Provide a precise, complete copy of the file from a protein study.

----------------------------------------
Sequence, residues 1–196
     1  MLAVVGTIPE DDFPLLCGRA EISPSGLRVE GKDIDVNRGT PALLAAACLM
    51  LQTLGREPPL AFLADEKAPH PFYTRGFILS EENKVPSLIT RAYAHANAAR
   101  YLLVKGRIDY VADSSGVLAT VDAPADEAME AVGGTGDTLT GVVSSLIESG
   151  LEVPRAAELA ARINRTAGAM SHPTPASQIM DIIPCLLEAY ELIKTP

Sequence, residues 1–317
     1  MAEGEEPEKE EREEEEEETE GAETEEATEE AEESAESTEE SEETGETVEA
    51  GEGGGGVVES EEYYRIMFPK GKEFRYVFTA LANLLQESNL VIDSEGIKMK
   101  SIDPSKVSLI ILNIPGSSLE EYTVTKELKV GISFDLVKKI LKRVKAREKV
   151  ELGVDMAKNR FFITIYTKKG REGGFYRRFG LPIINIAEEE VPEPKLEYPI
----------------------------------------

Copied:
Sequence, residues 1–196
     1  MLAVVGTIPE DDFPLLCGRA EISPSGLRVE GKDIDVNRGT PALLAAACLM
    51  LQTLGREPPL AFLADEKAPH PFYTRGFILS EENKVPSLIT RAYAHANAAR
   101  YLLVKGRIDY VADSSGVLAT VDAPADEAME AVGGTGDTLT GVVSSLIESG
   151  LEVPRAAELA ARINRTAGAM SHPTPASQIM DIIPCLLEAY ELIKTP

Sequence, residues 1–317
     1  MAEGEEPEKE EREEEEEETE GAETEEATEE AEESAESTEE SEETGETVEA
    51  GEGGGGVVES EEYYRIMFPK GKEFRYVFTA LANLLQESNL VIDSEGIKMK
   101  SIDPSKVSLI ILNIPGSSLE EYTVTKELKV GISFDLVKKI LKRVKAREKV
   151  ELGVDMAKNR FFITIYTKKG REGGFYRRFG LPIINIAEEE VPEPKLEYPI